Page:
Bringing Our Hard Questions To God

Steve Arterburn

Life often seems unfair, doesn’t it?  Because of this many men conclude God is unreasonable in his demands.  This is what a man named Job thought.  As you probably remember Job was a man who lost his all of his children, his wealth, his health, and his reputation.  

In the midst of his suffering, Job cried, ‘How frail is humanity! How short is life, and how full of trouble! Like a flower, we blossom for a moment and then wither.  Like the shadow of passing cloud, we quickly disappear.  Must you keep an eye on such a frail creature and demand an accounting from me?  Who can create purity in one born impure?’ (Job 14:1-4).

That’s a good question’one that most of us have asked in one form or another.  Job persisted in his questioning because deep inside he believed God to be good, even though he was suffering terribly.  He was honest with his emotions and questions, but he never stopped seeking God.

Are you suffering?  Have you lost someone you love?  Have you received bad news from the doctor?  Lost your home or job?  While working through the pain and unfairness of life, you may have to be satisfied with trusting God, even though you simply don’t understand.  But be assured’if you trust God and seek him in the hard times, your good Father will respond with blessing and faith.

Four Faces Of Folly

Steve Arterburn

 

As men, we’re called to speak into chaos. But our words must be both wise and well placed in order to offer any aspect of redemption. Consider Job’s friends. When tragedy struck, they were simply incredible. For seven days they were present with Job’comforting and grieving with him.

 

But when they began offering counsel, the situation soured. I think the foolishness of Job’s friends were expressed in four faces, and I think these four faces of folly still tempt us today. See if you can resonate with them.

 

Face Number One: Personal suffering always has a clear reason. Job’s friends were convinced that if somebody’s life is messed up, then there’s a clearly identifiable cause close at hand. After all, trouble doesn’t come out of nowhere.

 

Face Number Two: Good guys always prosper. Job’s friends were sure that, if you walked with God, you’d receive your just rewards in this life.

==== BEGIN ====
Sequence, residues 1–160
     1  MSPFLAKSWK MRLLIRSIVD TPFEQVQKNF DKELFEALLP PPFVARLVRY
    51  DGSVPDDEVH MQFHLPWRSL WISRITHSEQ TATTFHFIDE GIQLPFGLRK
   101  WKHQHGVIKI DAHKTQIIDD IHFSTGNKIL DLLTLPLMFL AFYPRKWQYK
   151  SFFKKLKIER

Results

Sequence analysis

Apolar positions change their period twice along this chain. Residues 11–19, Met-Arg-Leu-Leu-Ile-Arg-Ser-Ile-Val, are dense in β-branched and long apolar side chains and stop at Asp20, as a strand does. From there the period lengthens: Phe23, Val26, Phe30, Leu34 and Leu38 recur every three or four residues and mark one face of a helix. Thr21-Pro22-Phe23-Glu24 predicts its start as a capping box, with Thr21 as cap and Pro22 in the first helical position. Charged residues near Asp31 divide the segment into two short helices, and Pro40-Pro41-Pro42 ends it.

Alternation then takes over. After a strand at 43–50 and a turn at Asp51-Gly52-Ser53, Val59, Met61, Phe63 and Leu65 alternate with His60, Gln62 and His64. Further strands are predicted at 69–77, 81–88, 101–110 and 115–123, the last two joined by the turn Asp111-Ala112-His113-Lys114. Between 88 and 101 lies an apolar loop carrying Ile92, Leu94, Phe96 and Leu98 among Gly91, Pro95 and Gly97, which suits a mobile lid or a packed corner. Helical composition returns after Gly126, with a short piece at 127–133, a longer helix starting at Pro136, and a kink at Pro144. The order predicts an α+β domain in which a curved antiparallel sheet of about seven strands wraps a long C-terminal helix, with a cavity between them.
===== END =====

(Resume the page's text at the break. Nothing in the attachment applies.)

Face Number Three: Bad guys always roast. Job’s friends believed evil always meets judgment in this life.

 

Face Number Four: If you’re suffering, it’s because you’ve sinned. Job’s friends had ideas about suffering that caused them to needlessly kick Job when he was down.

 

Men, do you have a friend who’s suffering? If so, take care that your words bring comfort to the situation. Don’t let the example of Job’s friends scare you into silence. Just keep in mind that your best guess as to the reason for your friend’s suffering may well be wide of the mark.

The ‘Sweeper’

Steve Arterburn

Guys, have you ever noticed that when a woman is feeling stressed or angry, she’ll often call a friend? Have you also noticed when guys feel those same things, we usually do just the opposite?

When it comes to dealing with emotions, most men run for the hills’alone. We tend not to be as good as our female counterparts at facing our feelings, let alone talking about them. Most of us have been trained to treat our emotions like dirty laundry ‘ we don’t want anything to do with them.

When our emotions surface, our internal ‘Sweeper’ moves to action. The sweeper is that part of our subconscious who methodically and logically eliminates the threat that rogue emotions present. The ‘Sweeper’s’ job is to prohibit any situation from heating up too much and to sweep stray emotions back under the surface, where we think they belong. The Sweeper’s job description looks something like this:

  • Hide and mask anger
  • Internalize pressure
  • Bury losses
  • Deny wounds
  • Withdraw in the face of hard truth
  • Deflect mistakes
  • Blame others
  • Hide struggles
  • Push others away
  • Excuse me from feeling the hurts of others

Men, does this sound familiar? If so, I think it’s time you put your Sweeper up for review, and seriously consider cleaning out his office. The ‘Sweeper’s’ so-called services are, in fact, doing you a great disservice.